2dFGRS - An Introduction

The 2dF Galaxy Redshift Survey (2dFGRS) is a major spectroscopic survey taking full advantage of the unique capabilities of the 2dF facility built by the Anglo-Australian Observatory. The 2dFGRS is integrated with the 2dF QSO survey.

The 2dFGRS obtained spectra for 245591 objects, mainly galaxies, brighter than a nominal extinction-corrected magnitude limit of bJ=19.45. Reliable (quality>=3) redshifts were obtained for 221414 galaxies. The galaxies cover an area of approximately 1500 square degrees selected from the extended APM Galaxy Survey in three regions: an NGP strip, an SGP strip and random fields scattered around the SGP strip. The arrangement of survey fields is shown below.

The 2dFGRS survey and its database are described in detail in Colless et al. (2001), with additional documentation and updates provided here. The figure below shows the map of the galaxy distribution produced from the completed survey (other versions of this figure in various image formats are accessible from the 2dFGRS gallery).

The survey has been used to address a variety of fundamental problems in galaxy formation and cosmology. The results emerging from the survey to date include:

  • An accurate measurement of the power spectrum of galaxy clustering on scales up to 300h-1 Mpc, allowing precise determinations of the total mass density of the universe and the baryon fraction (Percival et al. 2001).
  • Measurements of the distortion of the clustering pattern in redshift space, providing independent constraints on the total mass density and the spatial distribution of dark matter (Peacock et al. 2001 and Hawkins et al. 2003).
  • A strong new upper limit on the total neutrino mass (Elgaroy et al. 2002).
  • In combination with observations of the cosmic microwave background (CMB), precise measurements of the Hubble constant and the baryon density, evidence for a non-zero cosmological constant (dark energy), and constraints on the equation of state of the dark energy (Efstathiou et al. 2002 and Percival et al. 2002).
  • The first direct measurements of the galaxy bias parameter, both from higher-order correlations in the galaxy distribution (Verde et al. 2002) and from comparison with the CMB power spectrum (Lahav et al. 2002).
  • A characterization of the galaxy luminosity function in both the optical (Norberg et al. 2002) and near-infrared (Cole et al. 2001), with the former yielding the mean current star-formation rate and the latter the stellar mass function of galaxies.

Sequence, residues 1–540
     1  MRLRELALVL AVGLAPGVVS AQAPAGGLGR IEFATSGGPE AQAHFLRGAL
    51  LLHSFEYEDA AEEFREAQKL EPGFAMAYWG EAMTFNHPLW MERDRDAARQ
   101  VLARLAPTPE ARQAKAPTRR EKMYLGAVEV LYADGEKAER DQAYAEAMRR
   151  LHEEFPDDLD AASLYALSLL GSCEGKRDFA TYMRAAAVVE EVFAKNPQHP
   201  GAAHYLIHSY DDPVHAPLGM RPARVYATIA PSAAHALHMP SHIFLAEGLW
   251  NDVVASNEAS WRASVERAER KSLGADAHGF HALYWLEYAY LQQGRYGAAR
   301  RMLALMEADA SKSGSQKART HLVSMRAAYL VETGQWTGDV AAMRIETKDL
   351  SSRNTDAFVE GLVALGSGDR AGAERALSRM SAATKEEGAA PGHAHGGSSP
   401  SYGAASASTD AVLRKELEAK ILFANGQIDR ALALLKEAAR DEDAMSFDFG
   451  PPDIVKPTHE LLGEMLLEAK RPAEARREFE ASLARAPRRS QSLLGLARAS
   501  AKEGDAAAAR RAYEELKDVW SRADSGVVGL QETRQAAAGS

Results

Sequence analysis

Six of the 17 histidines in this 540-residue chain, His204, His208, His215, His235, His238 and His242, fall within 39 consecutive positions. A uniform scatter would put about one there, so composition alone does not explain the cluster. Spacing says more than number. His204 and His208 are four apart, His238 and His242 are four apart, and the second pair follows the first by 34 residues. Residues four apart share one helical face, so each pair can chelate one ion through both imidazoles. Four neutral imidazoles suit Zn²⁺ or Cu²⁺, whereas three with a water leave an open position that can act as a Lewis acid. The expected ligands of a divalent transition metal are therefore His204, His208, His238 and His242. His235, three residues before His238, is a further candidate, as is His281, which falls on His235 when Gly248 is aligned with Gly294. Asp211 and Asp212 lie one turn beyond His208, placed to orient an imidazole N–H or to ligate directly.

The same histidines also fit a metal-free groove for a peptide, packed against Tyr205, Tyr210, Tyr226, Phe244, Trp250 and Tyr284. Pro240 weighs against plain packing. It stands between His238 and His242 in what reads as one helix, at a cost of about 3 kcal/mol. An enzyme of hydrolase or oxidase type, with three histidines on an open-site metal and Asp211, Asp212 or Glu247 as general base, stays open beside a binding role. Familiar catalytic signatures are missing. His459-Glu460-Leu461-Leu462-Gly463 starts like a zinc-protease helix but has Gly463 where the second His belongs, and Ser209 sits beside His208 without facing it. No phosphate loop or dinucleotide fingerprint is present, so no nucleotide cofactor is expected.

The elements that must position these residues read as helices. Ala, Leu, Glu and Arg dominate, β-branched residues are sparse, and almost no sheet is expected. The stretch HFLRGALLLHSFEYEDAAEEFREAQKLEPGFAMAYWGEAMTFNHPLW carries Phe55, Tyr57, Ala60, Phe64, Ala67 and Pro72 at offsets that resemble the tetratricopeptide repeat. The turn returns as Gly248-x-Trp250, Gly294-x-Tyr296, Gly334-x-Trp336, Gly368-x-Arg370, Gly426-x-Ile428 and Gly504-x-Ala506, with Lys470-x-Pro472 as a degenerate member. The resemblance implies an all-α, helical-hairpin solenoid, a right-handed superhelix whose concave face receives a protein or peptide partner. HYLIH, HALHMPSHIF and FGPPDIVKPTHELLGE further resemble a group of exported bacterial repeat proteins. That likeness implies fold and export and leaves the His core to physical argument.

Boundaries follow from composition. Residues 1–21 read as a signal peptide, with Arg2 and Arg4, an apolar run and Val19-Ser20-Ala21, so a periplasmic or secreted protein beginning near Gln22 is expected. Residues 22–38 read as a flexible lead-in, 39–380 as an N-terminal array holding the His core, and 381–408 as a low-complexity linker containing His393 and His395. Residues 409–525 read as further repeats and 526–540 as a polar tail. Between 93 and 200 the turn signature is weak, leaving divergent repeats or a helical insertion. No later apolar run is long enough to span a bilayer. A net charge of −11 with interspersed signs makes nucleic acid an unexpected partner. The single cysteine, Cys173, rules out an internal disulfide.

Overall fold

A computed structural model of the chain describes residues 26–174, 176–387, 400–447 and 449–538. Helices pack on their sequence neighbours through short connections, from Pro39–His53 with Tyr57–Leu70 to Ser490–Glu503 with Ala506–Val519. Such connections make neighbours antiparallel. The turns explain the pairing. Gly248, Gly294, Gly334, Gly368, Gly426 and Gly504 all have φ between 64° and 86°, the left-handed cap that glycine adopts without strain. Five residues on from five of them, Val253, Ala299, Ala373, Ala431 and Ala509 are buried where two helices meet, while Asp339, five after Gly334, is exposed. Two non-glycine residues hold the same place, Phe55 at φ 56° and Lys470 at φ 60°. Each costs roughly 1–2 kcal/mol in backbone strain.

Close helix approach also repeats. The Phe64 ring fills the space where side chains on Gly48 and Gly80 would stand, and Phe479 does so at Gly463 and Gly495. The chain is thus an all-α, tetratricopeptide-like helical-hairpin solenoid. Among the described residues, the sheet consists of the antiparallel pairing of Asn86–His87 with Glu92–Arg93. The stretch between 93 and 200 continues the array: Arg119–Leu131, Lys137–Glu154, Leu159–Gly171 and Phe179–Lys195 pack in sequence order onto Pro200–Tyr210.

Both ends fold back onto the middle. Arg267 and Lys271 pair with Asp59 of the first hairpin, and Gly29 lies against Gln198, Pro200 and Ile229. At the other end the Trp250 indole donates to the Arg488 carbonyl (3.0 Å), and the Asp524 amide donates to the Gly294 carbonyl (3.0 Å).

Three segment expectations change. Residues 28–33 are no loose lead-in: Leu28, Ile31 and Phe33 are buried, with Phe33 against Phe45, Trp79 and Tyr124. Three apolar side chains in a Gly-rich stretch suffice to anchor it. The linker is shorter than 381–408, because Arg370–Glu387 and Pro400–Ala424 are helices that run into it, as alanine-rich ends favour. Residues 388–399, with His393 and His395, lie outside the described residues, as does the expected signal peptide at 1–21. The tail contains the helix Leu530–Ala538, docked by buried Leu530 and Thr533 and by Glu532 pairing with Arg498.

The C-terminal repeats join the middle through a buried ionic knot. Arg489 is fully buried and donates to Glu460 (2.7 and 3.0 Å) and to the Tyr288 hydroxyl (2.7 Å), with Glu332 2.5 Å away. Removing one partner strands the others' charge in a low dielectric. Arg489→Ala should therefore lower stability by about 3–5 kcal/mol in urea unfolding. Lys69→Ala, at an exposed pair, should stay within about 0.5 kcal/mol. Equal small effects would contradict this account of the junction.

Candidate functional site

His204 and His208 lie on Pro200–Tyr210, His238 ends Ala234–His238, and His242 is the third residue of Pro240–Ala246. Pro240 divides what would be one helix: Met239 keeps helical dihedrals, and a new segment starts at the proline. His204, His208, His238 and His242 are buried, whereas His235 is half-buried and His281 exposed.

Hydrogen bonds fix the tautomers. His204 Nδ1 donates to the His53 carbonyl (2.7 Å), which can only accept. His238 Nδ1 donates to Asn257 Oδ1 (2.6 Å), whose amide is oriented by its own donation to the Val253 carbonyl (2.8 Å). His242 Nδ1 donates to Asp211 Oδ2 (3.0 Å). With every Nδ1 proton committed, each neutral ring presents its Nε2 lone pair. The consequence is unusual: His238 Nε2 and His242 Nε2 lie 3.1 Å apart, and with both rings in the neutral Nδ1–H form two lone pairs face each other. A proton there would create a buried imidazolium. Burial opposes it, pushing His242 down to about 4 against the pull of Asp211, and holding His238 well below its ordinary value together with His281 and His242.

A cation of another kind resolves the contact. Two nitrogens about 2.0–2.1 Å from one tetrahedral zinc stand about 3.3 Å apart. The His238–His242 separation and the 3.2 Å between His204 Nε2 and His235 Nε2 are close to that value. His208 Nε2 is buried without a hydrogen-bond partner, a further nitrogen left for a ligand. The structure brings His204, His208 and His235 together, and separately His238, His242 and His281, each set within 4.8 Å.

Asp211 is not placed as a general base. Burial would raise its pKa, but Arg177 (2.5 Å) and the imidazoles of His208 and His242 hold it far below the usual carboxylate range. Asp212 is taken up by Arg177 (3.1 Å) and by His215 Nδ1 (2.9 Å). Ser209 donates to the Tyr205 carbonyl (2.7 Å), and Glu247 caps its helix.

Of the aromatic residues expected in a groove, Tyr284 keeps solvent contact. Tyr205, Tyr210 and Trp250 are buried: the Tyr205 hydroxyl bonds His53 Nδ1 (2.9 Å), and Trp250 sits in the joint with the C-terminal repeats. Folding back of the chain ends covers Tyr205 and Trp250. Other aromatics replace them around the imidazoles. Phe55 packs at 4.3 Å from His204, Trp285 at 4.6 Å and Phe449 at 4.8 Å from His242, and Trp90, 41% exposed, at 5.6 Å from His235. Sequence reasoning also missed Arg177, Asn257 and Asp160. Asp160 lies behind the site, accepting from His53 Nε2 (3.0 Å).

• The distribution of galaxies as a joint function of total luminosity and central surface brightness (Cross et al. 2001).
  • The luminosity functions for galaxies with different spectral types, both in the field (Folkes et al. 1999 and Madgwick et al. 2001) and in clusters (De Propris et al. 2003).
  • The variation in clustering properties of galaxies as functions of luminosity (Norberg et al. 2002) and spectral type (Madgwick et al. 2003).
  • Constraints on the cosmic star-formation history from the mean galaxy spectrum in the local universe (Baldry et al. 2002) and the environmental dependence of star-formation rates of galaxies around clusters (Lewis et al. 2002).
  • The properties and luminosity functions of radio sources of various types (Sadler et al. 2002 and Magliocchetti et al. 2002).
  • The properties of previously-identified clusters of galaxies in the survey, and dynamical estimates of the cluster masses (De Propris et al. 2001).

Further results emerging from the 2dFGRS are described in other publications of the 2dFGRS team.

The final release dataset comprises the following elements:

  • The input photometric catalogues (source catalogues) for the full 2dFGRS survey, containing data for 382323 objects, together with related material.
  • The spectroscopic catalogues for 245591 objects, containing the spectroscopic parameters such as redshifts and spectral types.
  • The mSQL database, which allows searching and subsetting of the public release data, and provides access to the FITS files containing the spectra as well as all the other photometric and spectroscopic parameters.
  • The survey mask software for determining whether a given position is in the survey region, and the survey magnitude limit and redshift completeness at that position; also selection software for extracting various types of subsamples and creating corresponding mock catalogues.
  • Documentation, both on-line and through links to survey publications.
  • Additional material such as images, movies and stills, media reports and links to related topics.

Matthew Colless, colless@aao.gov.au,